How big is Venus compared to the Earth?
Venus is often called the Earth's sister planet. The Earth and Venus are very similar in size with only a 638 km difference in diameter, Venus having 81.5% of the Earth's mass.
Both the Earth and Venus are rocky planets, which means that they're effectively the same density (which can not be said of the Earth and, say, Neptune), and so they are also very nearly the same physical size. They also both have significant atmospheres surrounding their surfaces.
- Because it has always been easy to see, it's impossible to say who discovered Venus. In fact, after the Moon and the Sun, Venus is the brightest object in the sky – it's likely ancient people thousands of years ago knew about it. The first person to point a telescope at Venus was Galileo Galilei in 1610.
- From Earth, Venus can appear up to 47 degrees away from the Sun. During these times, when it rises or sets a few hours before or after the Sun, it can be seen just before sunrise or just after sunset as a bright morning or evening star.
- The equatorial diameter of Saturn is 120,536 km; that's about 9.5 times bigger than the diameter of the Earth. The surface area of Saturn is 83 times the area of Earth, and the volume is 764 times the volume of Earth. In other words, you could fit 764 planets the size of Earth inside Saturn.
Planets in our Solar system size comparison. Largest to smallest are pictured left to right, top to bottom: Jupiter, Saturn, Uranus, Neptune, Earth, Venus, Mars, Mercury.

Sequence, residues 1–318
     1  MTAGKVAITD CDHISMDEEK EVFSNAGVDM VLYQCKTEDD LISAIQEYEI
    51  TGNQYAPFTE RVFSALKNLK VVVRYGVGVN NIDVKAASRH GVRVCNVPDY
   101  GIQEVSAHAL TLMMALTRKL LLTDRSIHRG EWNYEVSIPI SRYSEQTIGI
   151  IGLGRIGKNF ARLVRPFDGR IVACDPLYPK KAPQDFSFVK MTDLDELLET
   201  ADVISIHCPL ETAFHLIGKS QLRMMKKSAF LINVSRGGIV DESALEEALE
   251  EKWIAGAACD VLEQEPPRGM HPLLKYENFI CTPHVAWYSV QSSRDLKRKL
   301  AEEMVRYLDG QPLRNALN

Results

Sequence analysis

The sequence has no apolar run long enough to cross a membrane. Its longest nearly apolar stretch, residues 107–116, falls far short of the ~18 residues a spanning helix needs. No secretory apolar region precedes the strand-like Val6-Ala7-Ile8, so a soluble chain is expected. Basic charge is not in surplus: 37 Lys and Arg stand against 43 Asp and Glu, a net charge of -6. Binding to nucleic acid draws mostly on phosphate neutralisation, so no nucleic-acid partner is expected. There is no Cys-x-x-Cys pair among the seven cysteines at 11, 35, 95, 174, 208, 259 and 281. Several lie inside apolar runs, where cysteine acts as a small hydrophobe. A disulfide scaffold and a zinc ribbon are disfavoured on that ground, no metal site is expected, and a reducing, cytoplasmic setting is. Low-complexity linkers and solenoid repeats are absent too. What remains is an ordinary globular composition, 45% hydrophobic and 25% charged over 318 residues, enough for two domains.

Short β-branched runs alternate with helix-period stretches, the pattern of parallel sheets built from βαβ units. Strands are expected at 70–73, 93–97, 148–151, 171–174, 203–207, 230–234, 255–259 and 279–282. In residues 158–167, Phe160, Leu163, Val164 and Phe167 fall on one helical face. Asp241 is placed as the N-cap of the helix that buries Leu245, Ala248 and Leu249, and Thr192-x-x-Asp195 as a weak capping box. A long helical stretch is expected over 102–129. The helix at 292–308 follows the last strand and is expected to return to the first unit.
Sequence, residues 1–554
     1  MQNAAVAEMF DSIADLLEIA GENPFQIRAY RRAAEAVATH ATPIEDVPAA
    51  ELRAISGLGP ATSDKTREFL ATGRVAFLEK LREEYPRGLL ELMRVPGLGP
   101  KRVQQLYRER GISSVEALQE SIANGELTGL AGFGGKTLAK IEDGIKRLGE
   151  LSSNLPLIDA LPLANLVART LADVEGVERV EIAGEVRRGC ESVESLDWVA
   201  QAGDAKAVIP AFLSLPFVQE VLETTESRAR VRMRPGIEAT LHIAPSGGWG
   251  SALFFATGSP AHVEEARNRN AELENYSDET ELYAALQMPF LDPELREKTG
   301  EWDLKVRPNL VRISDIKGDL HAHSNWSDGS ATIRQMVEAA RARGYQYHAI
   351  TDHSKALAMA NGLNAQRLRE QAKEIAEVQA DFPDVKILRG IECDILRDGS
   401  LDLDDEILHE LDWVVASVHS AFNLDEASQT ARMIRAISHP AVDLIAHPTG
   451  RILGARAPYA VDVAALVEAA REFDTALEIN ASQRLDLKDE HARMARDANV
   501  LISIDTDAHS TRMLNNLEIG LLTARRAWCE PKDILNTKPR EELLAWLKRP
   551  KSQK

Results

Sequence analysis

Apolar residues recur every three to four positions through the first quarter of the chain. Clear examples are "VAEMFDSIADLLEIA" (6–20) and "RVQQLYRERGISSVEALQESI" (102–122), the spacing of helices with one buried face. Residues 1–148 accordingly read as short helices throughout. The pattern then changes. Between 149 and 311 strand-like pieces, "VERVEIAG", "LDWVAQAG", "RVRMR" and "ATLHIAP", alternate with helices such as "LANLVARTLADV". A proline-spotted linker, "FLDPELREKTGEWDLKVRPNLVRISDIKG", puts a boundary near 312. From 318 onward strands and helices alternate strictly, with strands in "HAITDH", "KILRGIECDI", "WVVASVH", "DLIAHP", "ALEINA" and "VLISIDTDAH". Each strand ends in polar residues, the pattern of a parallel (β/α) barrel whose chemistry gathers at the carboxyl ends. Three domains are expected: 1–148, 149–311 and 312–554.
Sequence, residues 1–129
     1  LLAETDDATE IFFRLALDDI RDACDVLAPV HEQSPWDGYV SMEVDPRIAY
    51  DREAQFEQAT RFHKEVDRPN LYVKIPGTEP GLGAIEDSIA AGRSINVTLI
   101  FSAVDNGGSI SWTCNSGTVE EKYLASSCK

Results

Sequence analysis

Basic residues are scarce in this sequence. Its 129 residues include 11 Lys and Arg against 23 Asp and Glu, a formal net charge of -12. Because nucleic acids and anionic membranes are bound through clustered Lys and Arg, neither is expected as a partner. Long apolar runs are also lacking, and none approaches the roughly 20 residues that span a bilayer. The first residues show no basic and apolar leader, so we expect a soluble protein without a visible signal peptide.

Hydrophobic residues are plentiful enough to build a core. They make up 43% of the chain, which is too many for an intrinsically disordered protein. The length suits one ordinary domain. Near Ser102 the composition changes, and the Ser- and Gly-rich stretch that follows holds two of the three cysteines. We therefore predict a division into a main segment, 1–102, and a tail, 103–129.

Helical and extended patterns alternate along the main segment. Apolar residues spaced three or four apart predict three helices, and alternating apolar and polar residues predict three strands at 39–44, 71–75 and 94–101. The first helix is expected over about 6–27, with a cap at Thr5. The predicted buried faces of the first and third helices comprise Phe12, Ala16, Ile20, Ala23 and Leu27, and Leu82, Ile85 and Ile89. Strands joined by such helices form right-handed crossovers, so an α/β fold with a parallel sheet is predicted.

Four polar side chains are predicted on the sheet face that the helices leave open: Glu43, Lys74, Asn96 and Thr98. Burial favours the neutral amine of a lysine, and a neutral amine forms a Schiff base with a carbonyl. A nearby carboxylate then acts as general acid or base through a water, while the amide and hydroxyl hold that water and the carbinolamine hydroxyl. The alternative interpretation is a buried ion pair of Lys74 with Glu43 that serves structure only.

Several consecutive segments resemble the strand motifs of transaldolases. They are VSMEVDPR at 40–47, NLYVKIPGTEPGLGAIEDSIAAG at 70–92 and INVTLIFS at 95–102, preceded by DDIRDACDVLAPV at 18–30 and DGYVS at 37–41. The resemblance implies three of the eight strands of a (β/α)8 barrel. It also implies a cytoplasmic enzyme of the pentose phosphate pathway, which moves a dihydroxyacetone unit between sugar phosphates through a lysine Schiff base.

- It depends upon how you define "coldest." With Pluto out of the race, the farthest "real" planet from the Sun is Neptune. Neptune and its neighbor, Uranus, are known as the "ice giants," since they are composed of huge amounts of rock and water, ammonia, and methane ice crystals.
- The smallest planet in our solar system is Mercury and the largest planet is Jupiter.
- Smallest Planet: Mercury. Mercury is a tiny black dot as it transits the Sun in 2006.
- Largest Planet: Jupiter. Damian Peach.
- Planet Size Comparison.
Venus has several times as many volcanoes as Earth, and it has 167 large volcanoes that are over 100 km (62 mi) across. The only volcanic complex of this size on Earth is the Big Island of Hawaii. This is not because Venus is more volcanically active than Earth, but because its crust is older.
- It's much colder there than anywhere on Earth, despite the fact Venus is closer to the sun. This discovery is a bizarre twist for a planet that is famously hot and inhospitable. Even though Venus is further from the sun, it's hotter than Mercury, the result of a killer greenhouse effect.
- The answer is no moons at all. That's right, Venus (and the planet Mercury) are the only two planets that don't have a single natural moon orbiting them. Figuring out why is one question keeping astronomers busy as they study the Solar System.
- Like all the planets, Venus formed approximately 4.6 billion years ago when the Sun and the Solar System came out of the solar nebula. So, the age of Venus is 4.6 billion years old.
Updated: 25th November 2019